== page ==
Pedestrianization Definition and Types – Variations on a Theme

Let us begin with some pedestrianization definitions, reconciling that one “universal” meaning could be hard to come by– particularly in the context of differing persuasion or interest. The merits of one group’s definition could easily turn into a discussion with another party (which has a totally different frame of mind) when their varying definitions are placed side-by-side. Here, let us just remain open to a number of variations on a theme.

Converting a street or an area to car-free use is called pedestrianization. Alternately, it is the removal of vehicular access to a street– for the exclusive use of pedestrians by means of local policies such as street closures or similar restrictions. Thence, a pedestrianized location has become synonymous with the absence of motorized vehicles within an area.

The matter can also be thought of in the context of a thoroughfare which is dominated by people on foot; hence, the derivative essence of– pedestrians and the consequent pedestrianization of an area. Such meaning is always in tandem with the absence of cars or motor vehicles– as we now reconcile with the elements of pedestrians versus vehicles– and the dominance or absence of the other.

As reconciled herein, it has three types:

1. Full Pedestrianization is the elimination of motor vehicle traffic at all times and on all days by means of formal traffic orders. On this, continuous is my choice keyword, being descriptive of a situation where the absence of cars is unbroken in the context of time. When this scheme is implemented, it becomes common for affected businesses to become creative with how they deliver their goods and supplies to and from their establishments. Sometimes, it becomes necessary to ease on the definition and allow small motor vehicles within the premises during “off-periods” such as very late in the evening or very early in the morning.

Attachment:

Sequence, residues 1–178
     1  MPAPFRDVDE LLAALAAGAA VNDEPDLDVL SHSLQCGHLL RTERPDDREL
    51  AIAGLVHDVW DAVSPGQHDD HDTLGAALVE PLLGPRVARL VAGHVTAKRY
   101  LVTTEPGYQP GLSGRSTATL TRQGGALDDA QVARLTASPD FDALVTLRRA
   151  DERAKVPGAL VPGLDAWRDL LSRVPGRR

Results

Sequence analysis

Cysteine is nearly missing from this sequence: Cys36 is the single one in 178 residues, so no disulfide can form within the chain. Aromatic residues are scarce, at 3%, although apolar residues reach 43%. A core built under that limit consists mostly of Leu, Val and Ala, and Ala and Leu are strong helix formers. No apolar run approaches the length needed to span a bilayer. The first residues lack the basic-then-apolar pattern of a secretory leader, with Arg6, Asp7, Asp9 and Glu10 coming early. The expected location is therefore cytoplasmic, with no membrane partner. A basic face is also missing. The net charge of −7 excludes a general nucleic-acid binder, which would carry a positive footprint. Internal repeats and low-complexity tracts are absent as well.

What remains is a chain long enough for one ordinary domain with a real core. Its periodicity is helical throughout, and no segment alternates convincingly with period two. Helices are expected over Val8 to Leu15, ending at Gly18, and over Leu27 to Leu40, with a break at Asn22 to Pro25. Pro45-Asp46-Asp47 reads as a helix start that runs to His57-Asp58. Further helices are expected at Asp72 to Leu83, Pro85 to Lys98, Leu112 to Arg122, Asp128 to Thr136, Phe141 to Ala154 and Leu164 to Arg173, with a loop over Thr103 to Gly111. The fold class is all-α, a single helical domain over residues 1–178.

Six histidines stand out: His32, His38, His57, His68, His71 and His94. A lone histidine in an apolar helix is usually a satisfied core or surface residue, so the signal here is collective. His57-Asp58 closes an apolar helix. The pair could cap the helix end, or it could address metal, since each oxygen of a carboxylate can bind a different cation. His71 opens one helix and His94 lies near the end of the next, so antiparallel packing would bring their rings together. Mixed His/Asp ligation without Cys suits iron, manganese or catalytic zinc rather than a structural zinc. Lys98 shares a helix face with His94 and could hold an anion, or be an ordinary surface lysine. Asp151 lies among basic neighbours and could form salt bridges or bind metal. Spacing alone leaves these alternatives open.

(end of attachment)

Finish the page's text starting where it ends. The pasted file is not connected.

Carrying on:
2. Part-Time Pedestrianization is the elimination of motor vehicle traffic for only certain hours of the day and/or certain days of the week. Here, continual is my choice keyword, being indicative of a constantly recurring transition between the permission and the barring of cars from a thoroughfare. Time frames can vary from designated periods within the day, weekly periods, or only designated periods within a year.

3. Partial Pedestrianization is to allow some motor vehicle traffic at low speeds; also called Traffic Calming. On this, constriction is my choice keyword, reflective of how this scheme is usually undertaken. Common strategies include narrowing the width of an existing road (and the widening of the adjoining sidewalk) in order to cause a bottle-neck effect and consequently the slow-down of traffic. The introduction of humps has also been accepted as another alternative under this scheme.

As seen from the above, the concept of pedestrianization is not always the total removal of cars from a location. Very often, the strategy or pedestrianization type has to be correlated to what is appropriate in the context of businesses that could be affected and the acceptance of the stakeholders.